Some hours ago, votes were cast upon Liberal Member of Parliament John McKay’s Bill C-300, “An Act respecting Corporate Accountability for the Activities of Mining, Oil or Gas in Developing Countries.” First introduced to the House of Commons on February 9, 2010, during the 2nd session of the 40th Parliament, and re-introduced on March 3, 2010, the bill was designed to hold Canada-based mining companies subsidized by Government accountable for human rights abuses committed abroad. The bill was defeated 140 to 134.
In September, former Liberal MP John Manley published a rebuttal of C-300, arguing that “the bill could result in […] companies losing business to corporations based elsewhere that do not have the same regard for environmental, safety and human rights standards” and “that it would encourage mining companies to locate in jurisdictions with less regulation and no commitment to corporate social responsibility.” Manley is today President and Chief Executive Officer of the Canadian Council of Chief Executives, a group which promotes the views and interests of (among others) Canada’s mining companies.
Manley could well be correct in these concerns. The first argument suggests one ought to aim low, that’s where the sure money is, and the second suggests it would be a loss to Canada if mining companies located their headquarters elsewhere. This second claim seems plausible enough, but Manley fails to substantiate it. How many jobs are we talking about? Presumably the Canadian Council of Chief Executives would have no need of a Canadian President and CEO if the companies were to move to, say, China. Beyond that, it is less clear what is at stake. In any case, Manley says “Canadian companies are already among the most socially and environmentally responsible companies operating internationally.” No problems.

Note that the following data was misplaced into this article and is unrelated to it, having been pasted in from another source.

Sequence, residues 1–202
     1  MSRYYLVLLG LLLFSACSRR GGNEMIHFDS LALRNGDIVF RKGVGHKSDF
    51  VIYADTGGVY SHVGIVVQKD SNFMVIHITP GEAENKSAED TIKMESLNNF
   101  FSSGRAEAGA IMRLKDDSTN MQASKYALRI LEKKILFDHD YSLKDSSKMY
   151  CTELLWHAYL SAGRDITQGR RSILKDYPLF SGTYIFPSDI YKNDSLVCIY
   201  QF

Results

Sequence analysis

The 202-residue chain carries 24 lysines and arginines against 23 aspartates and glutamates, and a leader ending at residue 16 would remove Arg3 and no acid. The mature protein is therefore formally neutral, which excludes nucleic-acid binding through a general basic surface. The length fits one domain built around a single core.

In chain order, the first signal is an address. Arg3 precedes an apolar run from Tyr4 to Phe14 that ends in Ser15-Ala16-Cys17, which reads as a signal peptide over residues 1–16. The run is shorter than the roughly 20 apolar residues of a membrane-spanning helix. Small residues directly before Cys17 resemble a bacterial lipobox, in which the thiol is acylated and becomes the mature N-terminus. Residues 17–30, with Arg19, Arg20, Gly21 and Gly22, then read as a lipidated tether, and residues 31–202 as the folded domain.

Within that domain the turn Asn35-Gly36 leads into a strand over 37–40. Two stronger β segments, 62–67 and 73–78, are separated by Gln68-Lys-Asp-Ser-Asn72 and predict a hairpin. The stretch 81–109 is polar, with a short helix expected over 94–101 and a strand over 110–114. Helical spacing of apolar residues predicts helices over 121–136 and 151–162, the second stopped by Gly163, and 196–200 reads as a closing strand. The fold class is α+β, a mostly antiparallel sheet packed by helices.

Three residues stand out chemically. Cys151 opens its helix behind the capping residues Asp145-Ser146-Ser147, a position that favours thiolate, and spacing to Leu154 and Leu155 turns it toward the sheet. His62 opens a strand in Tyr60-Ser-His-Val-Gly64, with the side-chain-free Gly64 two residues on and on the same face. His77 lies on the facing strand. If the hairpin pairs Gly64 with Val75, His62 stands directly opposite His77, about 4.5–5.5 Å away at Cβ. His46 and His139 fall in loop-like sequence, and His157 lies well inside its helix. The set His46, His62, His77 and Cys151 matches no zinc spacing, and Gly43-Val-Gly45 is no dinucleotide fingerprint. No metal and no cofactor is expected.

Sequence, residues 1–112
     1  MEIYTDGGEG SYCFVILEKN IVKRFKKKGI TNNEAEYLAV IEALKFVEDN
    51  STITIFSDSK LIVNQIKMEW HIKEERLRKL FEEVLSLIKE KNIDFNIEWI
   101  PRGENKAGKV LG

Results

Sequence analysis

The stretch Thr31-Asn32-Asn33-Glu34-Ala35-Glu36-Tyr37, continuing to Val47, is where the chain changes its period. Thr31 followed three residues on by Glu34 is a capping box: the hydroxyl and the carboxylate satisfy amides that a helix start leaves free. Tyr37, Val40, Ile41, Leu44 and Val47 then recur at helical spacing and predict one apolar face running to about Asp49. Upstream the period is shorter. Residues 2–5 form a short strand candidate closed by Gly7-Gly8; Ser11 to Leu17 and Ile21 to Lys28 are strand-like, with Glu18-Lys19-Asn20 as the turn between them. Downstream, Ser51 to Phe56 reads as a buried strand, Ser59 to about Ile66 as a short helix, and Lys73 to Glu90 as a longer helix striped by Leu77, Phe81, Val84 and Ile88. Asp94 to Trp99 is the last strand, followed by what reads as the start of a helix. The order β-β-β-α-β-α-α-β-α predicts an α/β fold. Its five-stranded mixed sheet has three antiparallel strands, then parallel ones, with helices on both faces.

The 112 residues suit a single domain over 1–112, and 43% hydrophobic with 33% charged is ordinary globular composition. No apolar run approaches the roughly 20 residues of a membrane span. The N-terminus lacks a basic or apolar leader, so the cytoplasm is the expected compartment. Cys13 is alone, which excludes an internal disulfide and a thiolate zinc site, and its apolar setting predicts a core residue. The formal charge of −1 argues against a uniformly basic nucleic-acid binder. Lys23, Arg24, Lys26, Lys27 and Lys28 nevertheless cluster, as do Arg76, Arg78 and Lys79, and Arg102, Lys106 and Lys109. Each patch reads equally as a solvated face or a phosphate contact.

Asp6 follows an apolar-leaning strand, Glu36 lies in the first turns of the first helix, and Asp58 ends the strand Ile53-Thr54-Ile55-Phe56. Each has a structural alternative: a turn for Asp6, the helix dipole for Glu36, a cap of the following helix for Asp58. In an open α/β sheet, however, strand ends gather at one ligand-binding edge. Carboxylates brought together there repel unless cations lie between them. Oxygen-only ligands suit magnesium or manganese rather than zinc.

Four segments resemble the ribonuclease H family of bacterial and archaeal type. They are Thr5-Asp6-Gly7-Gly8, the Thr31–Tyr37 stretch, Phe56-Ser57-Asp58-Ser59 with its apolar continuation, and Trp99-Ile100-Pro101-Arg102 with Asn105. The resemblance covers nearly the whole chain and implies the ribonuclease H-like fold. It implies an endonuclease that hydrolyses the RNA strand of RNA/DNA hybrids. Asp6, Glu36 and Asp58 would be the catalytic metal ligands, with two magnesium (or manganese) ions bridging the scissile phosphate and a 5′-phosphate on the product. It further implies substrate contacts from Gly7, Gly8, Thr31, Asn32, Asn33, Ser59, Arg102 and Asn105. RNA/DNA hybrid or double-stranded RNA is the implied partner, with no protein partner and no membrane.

Why do Liberals always suppose they can have it every which way? Liberal leader and chronic vote-evader Michael Ignatieff told the caucus not to attend the vote, and stayed away himself. Why? Because he didn’t want to have to vote for it, and he didn’t want to have to vote against it, either. Instead, he prefers to say he has “reservations” about the bill but “favours its principles”:
This is a private member’s bill. I’ve made my reservations about the bill known for months, but I think it sends a very important message about corporate social responsibility.
After the vote he said, “despite the defeat of C-300, the Liberal Party remains committed to the important principle of corporate social responsibility for Canadian industries at home and abroad.” What however is the nature of “commitment” for a leader who refuses even to commit himself to a vote? Nor is this the first time Ignatieff has made this manoeuvre. The technical term for this posturing, by the way, is shit eating — from which one may infer that Mr Ignatieff, the man who would be Prime Minister of Canada, is a shit eater, or eater of shit.
All of this would be mere silliness if it were not the case that Canadian mining companies are indeed responsible for human rights abuses throughout Latin America, sub-Saharan Africa, and Southeast Asia. A report, “Corporate Responsibility: Movements and Footprints of Canadian Mining and Exploration Firms in the Developing World,” has become part of the latest controversy concerning the industry. This is a topic with which I’ve been familiar for twenty years, having first researched it as a University student at Queen’s. That mining companies thrive on low standards is something they themselves admit when they warn against capital flight. It is as unsurprising and predictable as, say, the perennial spinelessness of a Liberal leader.